Help build a pro-choice Ohio. Every day, NARAL Pro-Choice Ohio fights to protect access to the full range of reproductive health care options—including preventing unintended pregnancy, bearing healthy children, and safe & legal abortion care. We educate the public about the real threat to women’s healthcare posed by anti-choice legislation and policies. We mobilize pro-choice Ohioans to take political action to defend reproductive rights. And we are the voice for Ohio’s abortion clinics, helping them navigate the increasingly hostile climate created by extremist groups. But we need your help. As a member organization, we rely on your financial support to fund our important legislative, educational, and grassroots activities.

Contribute to NARAL Pro-Choice Ohio

Blog Post

When is the best time to get a vasectomy?

So, you or your partner has decided it’s time for a vasectomy.  There’s really only two reasons why guys would pursue sterilization:

  1. You really, really never want kids.
  2. You have exactly the number of kids you want.

Despite there being just two reasons, everyone’s exact situation is different. For my wife and I, we consider ourselves lucky to have two offspring… but we’re done. When she was looking into replacing her IUD, I decided that preventing an Oops Baby wasn’t just a wifely duty.

Things to know when considering a vasectomy: (THIS IS NOT MEDICAL ADVICE.)

  • A vasectomy is not reversible.
  • Ok, so theoretically they are reversible, but there’s zero guarantee of success and the reversal attempt is ridiculously expensive. If you’re considering getting one and undoing it later, your doctor will probably stop you right there.
  • A vasectomy may be covered by your insurance. I paid $20 for the consult and $200 for the surgery.
  • There’s no difference in how you feel or function in any way after the procedure.
  • Have more questions? Seek out a urologist and get a consult.
  • When the nurse tells you to take off your pants because the doctor will be right in, she’s lying. Leave your pants on because 20 minutes sitting in a paper gown is a damn long time.

Now that you’ve got your consult scheduled, here’s what will happen:

  • The doctor will briefly examine your twig and berries and answer any questions you have.
  • The nurse will give you printed instructions on how to shave your balls and a prescription for a mild painkiller to fill in advance of the procedure.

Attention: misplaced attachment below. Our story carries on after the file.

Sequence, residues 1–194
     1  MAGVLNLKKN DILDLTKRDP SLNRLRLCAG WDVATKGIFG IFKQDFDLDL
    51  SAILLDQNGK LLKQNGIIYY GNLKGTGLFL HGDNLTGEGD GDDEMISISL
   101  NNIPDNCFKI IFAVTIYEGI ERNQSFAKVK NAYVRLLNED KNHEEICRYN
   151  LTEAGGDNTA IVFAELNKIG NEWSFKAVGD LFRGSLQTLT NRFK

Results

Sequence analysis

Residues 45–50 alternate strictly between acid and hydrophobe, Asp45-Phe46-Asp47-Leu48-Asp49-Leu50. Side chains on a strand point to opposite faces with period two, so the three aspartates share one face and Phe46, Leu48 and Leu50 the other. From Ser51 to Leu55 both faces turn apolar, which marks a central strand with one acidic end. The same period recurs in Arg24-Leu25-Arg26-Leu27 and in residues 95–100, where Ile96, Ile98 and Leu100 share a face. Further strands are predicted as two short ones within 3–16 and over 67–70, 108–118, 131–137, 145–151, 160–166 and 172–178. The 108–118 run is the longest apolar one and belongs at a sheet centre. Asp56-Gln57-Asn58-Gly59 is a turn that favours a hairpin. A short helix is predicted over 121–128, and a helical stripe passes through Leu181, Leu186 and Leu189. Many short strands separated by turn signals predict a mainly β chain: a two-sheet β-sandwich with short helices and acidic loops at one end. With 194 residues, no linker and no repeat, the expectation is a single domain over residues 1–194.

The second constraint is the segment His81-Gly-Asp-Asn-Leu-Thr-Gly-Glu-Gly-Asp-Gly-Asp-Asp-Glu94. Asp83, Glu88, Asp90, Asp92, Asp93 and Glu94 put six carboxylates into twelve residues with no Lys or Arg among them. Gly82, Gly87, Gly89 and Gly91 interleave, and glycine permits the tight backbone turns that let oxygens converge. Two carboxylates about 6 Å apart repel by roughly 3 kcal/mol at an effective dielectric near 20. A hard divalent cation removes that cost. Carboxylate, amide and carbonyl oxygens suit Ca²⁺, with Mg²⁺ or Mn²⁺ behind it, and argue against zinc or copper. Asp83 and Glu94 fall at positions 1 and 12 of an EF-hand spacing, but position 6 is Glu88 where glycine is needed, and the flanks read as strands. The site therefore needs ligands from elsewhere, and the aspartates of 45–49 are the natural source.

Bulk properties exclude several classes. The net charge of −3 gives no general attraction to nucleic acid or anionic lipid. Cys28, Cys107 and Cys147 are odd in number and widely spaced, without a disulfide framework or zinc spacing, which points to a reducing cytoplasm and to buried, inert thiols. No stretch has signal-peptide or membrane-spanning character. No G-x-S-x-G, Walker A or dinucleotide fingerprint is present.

• They’ll schedule your surgery date.

So, here’s the question: when should you get a vasectomy?

You’ll probably have the surgery on a Friday. Many guys aim for March Madness, but that’s a long way off and the popular trend is going to cause a backlog of appointments then.

You want a weekend when you can really take advantage of some quality couch time, which means…

The best date in 2017 for a vasectomy is Friday, November 3rd.

Why is this date superior?

  • All the Halloween parties are over, so you’re not missing out…
  • …but you still have a massive amount of leftover candy laying around.
  • College football is at its best in early November.
  • No one takes vacation in early November, so you’re not competing with co-workers to get the sick time approved.
  • You’ll be all healed in time for holiday partying.
  • Most important: the weekend starting 11/4/17 is when the time changes, so clocks Fall forward giving you an extra hour to sleep.

Good luck with the ball shaving, and happy snipping!


Help build a pro-choice Ohio. Every day, NARAL Pro-Choice Ohio fights to protect access to the full range of reproductive health care options—including preventing unintended pregnancy, bearing healthy children, and safe & legal abortion care. We educate the public about the real threat to women’s healthcare posed by anti-choice legislation and policies. We mobilize pro-choice Ohioans to take political action to defend reproductive rights. And we are the voice for Ohio’s abortion clinics, helping them navigate the increasingly hostile climate created by extremist groups. But we need your help. As a member organization, we rely on your financial support to fund our important legislative, educational, and grassroots activities.

Contribute to NARAL Pro-Choice Ohio

Podcasts

Racial violence in America

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This week, Jaime, Elaina, and Gabe discuss the violence in Charlottesville, VA. One woman, Heather Heyer, was killed while protesting white supremacist groups, and the nation was sent into an intense debate over racism, Confederate statues, Tina Fey, and Donald Trump’s failure to condemn hate groups.

In Ohio, we were keeping an eye on the state legislature. The Down syndrome abortion ban returned for a second hearing this year. The bill was previously considered in 2015, when the Toledo Blade and New York Times both issued editorials against it. Rep. Janine Boyd and Rep. Stephanie Howse wrote against it in the Cleveland Plain Dealer. Finally, parents like David Perry wrote against the bill for CNN.

In Cleveland, Preterm hosted an event with Dr. Willie Parker, an abortion provider from Alabama. He came to discuss his new book, Life’s Work: A Moral Argument for Choice. While he spoke, an artist captured some of his ideas on canvass.

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NARAL’s The Morning After is a production of NARAL Pro-Choice Ohio.

We’re proud to announce that NARAL’s The Morning After will air in Columbus on WGRN94.1FM on Friday mornings at 9 a.m.

SunriseWide4


Help build a pro-choice Ohio. Every day, NARAL Pro-Choice Ohio fights to protect access to the full range of reproductive health care options—including preventing unintended pregnancy, bearing healthy children, and safe & legal abortion care. We educate the public about the real threat to women’s healthcare posed by anti-choice legislation and policies. We mobilize pro-choice Ohioans to take political action to defend reproductive rights. And we are the voice for Ohio’s abortion clinics, helping them navigate the increasingly hostile climate created by extremist groups. But we need your help. As a member organization, we rely on your financial support to fund our important legislative, educational, and grassroots activities.

Contribute to NARAL Pro-Choice Ohio